Featured Research

from universities, journals, and other organizations

TapSense: Touchscreen technology distinguishes taps by parts of finger

Date:
October 21, 2011
Source:
Carnegie Mellon University
Summary:
Smartphone and tablet computer owners have become adept at using finger taps, flicks and drags to control their touchscreens. But researchers have found that this interaction can be enhanced by taking greater advantage of the finger's anatomy and dexterity. By attaching a microphone to a touchscreen, the scientists have shown they can tell the difference between the tap of a fingertip, the pad of the finger, a fingernail and a knuckle. This technology, called TapSense, enables richer touchscreen interactions.

Smartphone and tablet computer owners have become adept at using finger taps, flicks and drags to control their touchscreens. But Carnegie Mellon University researchers have found that this interaction can be enhanced by taking greater advantage of the finger's anatomy and dexterity.

By attaching a microphone to a touchscreen, the CMU scientists showed they can tell the difference between the tap of a fingertip, the pad of the finger, a fingernail and a knuckle. This technology, called TapSense, enables richer touchscreen interactions. While typing on a virtual keyboard, for instance, users might capitalize letters simply by tapping with a fingernail instead of a finger tip, or might switch to numerals by using the pad of a finger, rather toggling to a different set of keys.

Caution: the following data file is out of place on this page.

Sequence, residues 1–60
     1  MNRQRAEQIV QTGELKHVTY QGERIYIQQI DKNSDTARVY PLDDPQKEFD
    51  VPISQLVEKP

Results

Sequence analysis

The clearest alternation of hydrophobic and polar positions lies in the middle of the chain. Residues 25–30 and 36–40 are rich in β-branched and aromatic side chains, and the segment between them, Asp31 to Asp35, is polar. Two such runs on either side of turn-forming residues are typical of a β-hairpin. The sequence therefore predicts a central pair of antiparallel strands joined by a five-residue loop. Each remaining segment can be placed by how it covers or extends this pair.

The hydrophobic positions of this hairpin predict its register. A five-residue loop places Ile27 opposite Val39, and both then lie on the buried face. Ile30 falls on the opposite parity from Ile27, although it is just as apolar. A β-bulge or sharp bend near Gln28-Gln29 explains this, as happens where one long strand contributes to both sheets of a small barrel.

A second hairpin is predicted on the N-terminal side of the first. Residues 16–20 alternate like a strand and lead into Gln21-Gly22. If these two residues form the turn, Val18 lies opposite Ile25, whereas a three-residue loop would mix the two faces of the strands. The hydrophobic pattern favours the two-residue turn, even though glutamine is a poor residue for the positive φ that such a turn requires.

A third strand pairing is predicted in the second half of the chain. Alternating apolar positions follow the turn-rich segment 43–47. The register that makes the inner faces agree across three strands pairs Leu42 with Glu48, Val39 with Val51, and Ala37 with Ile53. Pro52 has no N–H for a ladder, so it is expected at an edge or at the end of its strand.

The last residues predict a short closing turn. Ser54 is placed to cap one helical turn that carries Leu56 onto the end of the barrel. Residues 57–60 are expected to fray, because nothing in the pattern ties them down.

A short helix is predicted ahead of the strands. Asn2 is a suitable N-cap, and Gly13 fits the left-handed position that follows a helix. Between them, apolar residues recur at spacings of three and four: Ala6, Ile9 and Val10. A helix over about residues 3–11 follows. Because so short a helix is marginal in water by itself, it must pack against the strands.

Another possible use would be a painting app that uses a variety of tapping modes and finger motions to control a pallet of colors, or switch between drawing and erasing without having to press buttons.

"TapSense basically doubles the input bandwidth for a touchscreen," said Chris Harrison, a Ph.D. student in Carnegie Mellon's Human-Computer Interaction Institute (HCII). "This is particularly important for smaller touchscreens, where screen real estate is limited. If we can remove mode buttons from the screen, we can make room for more content or can make the remaining buttons larger."

TapSense was developed by Harrison, fellow Ph.D. student Julia Schwarz, and Scott Hudson, a professor in the HCII. Harrison discussed the technology on Oct. 19 at the Association for Computing Machinery's Symposium on User Interface Software and Technology in Santa Barbara, Calif.

A video demonstrating the technology's capabilities and possible applications can be viewed at: http://chrisharrison.net/index.php/Research/TapSense.

"TapSense can tell the difference between different parts of the finger by classifying the sounds they make when they strike the touchscreen," Schwarz said. An inexpensive microphone could be readily attached to a touchscreen for this purpose. The microphones already in devices for phone conversations would not work well for the application, however, because they are designed to capture voices, not the sort of noise that TapSense needs to operate.

The technology also can use sound to discriminate between passive tools (i.e., no batteries) made from such materials as wood, acrylic and polystyrene foam. This would enable people using styluses made from different materials to collaboratively sketch or take notes on the same surface, with each person's contributions appearing in a different color or otherwise noted.